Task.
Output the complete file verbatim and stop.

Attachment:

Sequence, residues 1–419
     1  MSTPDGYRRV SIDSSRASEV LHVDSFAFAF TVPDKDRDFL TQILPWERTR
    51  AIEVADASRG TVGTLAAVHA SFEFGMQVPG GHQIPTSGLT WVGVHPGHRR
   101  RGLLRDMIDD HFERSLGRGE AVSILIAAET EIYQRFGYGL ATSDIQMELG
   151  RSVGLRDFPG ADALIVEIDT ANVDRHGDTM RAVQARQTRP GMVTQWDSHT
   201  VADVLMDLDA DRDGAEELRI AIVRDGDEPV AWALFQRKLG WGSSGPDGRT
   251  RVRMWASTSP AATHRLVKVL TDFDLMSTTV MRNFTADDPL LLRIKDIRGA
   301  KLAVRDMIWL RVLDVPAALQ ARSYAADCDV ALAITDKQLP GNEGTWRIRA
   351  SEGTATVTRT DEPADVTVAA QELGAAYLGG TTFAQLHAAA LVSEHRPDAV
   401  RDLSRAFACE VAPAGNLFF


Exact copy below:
Sequence, residues 1–419
     1  MSTPDGYRRV SIDSSRASEV LHVDSFAFAF TVPDKDRDFL TQILPWERTR
    51  AIEVADASRG TVGTLAAVHA SFEFGMQVPG GHQIPTSGLT WVGVHPGHRR
   101  RGLLRDMIDD HFERSLGRGE AVSILIAAET EIYQRFGYGL ATSDIQMELG
   151  RSVGLRDFPG ADALIVEIDT ANVDRHGDTM RAVQARQTRP GMVTQWDSHT
   201  VADVLMDLDA DRDGAEELRI AIVRDGDEPV AWALFQRKLG WGSSGPDGRT
   251  RVRMWASTSP AATHRLVKVL TDFDLMSTTV MRNFTADDPL LLRIKDIRGA
   301  KLAVRDMIWL RVLDVPAALQ ARSYAADCDV ALAITDKQLP GNEGTWRIRA
   351  SEGTATVTRT DEPADVTVAA QELGAAYLGG TTFAQLHAAA LVSEHRPDAV
   401  RDLSRAFACE VAPAGNLFF